Realism in literary fiction tends to focus on the personal, the ethnic, or the social, and so it’s been left to crime fiction to pick up the political baton. And at one level, this is a political story: How does a city function when its promises prove to be empty? How can we expect workers to do their job when they’ve been lied to so egregiously? And what do we do when that anger – whether from workers or the kids who realize their future is nothing but empty words – gets acted out on the streets? Who takes the fall? Who skates?
I also felt an inclination to move beyond the antihero zeitgeist that seems to have dominated things since Tony Soprano entered the arena. I’d avoided writing anything to do with private investigators up until now, for a number of reasons, but mainly because I worked as one for fifteen years and from what I could tell readers weren’t much interested in learning about the real thing. They wanted the plains gunman in an urban setting.
But over the years I’ve reconsidered this, and decided that I could find a way to be true to the job as I know it and yet also provide a good story. This required my developing my own unique take on Chandler’s old saw about the detective hero as “a man who can walk the mean streets but who is not himself mean.”
The people I came to admire when I worked as an investigator all shared a fierce dedication to their clients and a full awareness of the injustices built into our justice system. I wanted to bring that sort of Nobody’s Fool Compassion to my main male character, a former lawyer turned legal jack-of-all-trades named Phelan Tierney.
Since the prevailing pessimism these days declares that people don’t change and reform is a joke, I wanted Phelan to be devoted to people who prove the lie to that perspective, and who dedicate themselves honestly to turning their lives around. He knows it can be done – he’s done it himself – but he has no illusions about how difficult it is.
What were your biggest challenges when writing the book?
Like I said, I’d resisted writing a PI novel, but finally found a way to make it work by making my hero a helper, not a fighter or a hunter, though he can do both of those things if need be.
The challenge came in not realizing just how hard it is to write a compelling hero when he bears too great a resemblance to oneself. You assume things are on the page when they’re not, and the result is a cipher, a shadow, not a character. I realized I had to make Phelan Tierney different than me in critical ways, ways that made me have to discover him, not just take him for granted.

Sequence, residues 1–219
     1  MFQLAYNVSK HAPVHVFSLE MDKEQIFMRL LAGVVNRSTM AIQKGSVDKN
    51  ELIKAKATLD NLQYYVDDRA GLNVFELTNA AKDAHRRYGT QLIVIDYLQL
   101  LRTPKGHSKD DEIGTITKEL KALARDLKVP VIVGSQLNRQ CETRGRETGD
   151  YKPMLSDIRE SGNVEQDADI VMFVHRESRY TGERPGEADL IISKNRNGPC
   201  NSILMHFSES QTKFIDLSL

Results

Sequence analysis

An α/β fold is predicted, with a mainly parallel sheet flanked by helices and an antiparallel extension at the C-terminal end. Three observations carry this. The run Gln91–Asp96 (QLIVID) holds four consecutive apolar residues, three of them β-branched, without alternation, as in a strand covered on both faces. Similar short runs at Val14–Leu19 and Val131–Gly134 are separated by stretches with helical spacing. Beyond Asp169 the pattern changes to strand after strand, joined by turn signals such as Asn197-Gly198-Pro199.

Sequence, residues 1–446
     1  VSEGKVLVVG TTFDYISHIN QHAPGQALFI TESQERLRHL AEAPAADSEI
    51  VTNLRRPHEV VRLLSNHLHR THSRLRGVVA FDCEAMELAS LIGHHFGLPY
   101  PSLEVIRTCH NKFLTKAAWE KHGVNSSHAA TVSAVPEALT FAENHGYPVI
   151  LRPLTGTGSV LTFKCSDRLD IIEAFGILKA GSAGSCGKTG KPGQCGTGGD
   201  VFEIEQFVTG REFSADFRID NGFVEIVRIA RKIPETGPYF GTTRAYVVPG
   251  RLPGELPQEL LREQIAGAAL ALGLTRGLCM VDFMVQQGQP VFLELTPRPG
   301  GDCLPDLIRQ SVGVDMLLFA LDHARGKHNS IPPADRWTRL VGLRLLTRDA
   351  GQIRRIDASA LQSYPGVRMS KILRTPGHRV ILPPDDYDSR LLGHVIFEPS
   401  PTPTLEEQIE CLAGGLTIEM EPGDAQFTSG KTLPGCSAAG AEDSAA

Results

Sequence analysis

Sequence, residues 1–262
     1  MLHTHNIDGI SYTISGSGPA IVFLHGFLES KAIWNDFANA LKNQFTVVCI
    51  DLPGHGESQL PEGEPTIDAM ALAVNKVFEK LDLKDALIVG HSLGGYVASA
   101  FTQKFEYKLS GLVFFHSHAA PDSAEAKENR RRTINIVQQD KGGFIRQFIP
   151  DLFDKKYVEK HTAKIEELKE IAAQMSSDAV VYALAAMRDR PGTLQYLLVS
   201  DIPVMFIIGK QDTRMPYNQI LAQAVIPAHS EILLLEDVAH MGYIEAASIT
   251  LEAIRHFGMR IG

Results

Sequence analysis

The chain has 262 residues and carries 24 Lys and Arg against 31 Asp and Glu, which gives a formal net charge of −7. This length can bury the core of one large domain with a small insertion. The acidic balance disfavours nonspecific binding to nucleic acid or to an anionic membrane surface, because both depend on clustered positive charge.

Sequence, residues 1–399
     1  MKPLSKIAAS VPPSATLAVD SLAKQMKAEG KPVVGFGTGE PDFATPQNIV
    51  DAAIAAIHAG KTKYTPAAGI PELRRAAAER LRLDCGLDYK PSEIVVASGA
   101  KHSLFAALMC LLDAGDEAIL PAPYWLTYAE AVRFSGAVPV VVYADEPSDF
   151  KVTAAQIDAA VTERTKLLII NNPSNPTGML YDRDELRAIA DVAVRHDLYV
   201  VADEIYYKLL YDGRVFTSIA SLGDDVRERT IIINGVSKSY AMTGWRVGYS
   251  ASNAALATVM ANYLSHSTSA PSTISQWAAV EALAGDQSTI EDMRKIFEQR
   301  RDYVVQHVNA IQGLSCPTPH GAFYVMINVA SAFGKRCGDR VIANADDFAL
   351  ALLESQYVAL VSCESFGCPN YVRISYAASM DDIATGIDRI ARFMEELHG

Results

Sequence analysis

Also, this was the first book where I deliberately stage a double reversal, where two main characters had to change to make the story work. It was trickier than I’d originally thought, mainly because I had to make sure I didn’t confuse the reader, making them wonder whose story it was.
Who are you reading now? Which authors and novels have been an inspiration to you, and why?
Well, my main inspiration has come from writers like Richard Price, Pete Dexter, Don Carpenter, Richard Thornburg, and Robert Stone. I’m about to pick up Price’s The Whites shortly. I’m also a fan of Thomas Kelly and loved both Empire Rising and The Rackets. I also feel a kinship with both Kate Atkinson and Dennis Lehane. Atkinson’s Jackson Brody was very much an inspiration for Phelan Tierney. And Lehane’s latest, World Gone By, was a great read. I recently finished Austin Wright’s Tony and Susan and loved it. And whenever I’m feeling like I need a rollicking shot in the arm, there’s always Ross Thomas, the most underappreciated crime writer of the latter half of the 20th century.
I’m also reading a couple of non-fiction books at the moment, juggling them night to night. Ghettoside: A True Story of Murder in America by Jill Leovy is about the untold story of black-on-black homicide in our cities. Unaccountable: How Elite Power Brokers Corrupt Our Finances, Freedom, and Security by Janine Wedel is an examination of how technology, systemic deniability, and the complexity of modern bureaucracies have rendered responsibility virtually obsolete. Both books are unsettling, in the way the truth often is.
I’m also dipping into Herodotus and Lady Gregory’s God’s and Fighting Men here and there. Blame it on Game of Thrones.
What advice can you provide to aspiring authors?
- Read voraciously, write daily. (It’s not enough to write, however. More important is the need to finish something.)
- The two most important things a writer must have: a love of literature and a passion for his subject matter.
- Your greatest teachers are the books you admire. (“Readers are writers inspired to emulation.” –Saul Bellow)
- Be clear, be honest. Treat the reader like a friend, not a prisoner you hope to flog with your genius. (“If it sounds like writing, I rewrite it.” – Elmore Leonard)
- Less is more, unless it’s not enough.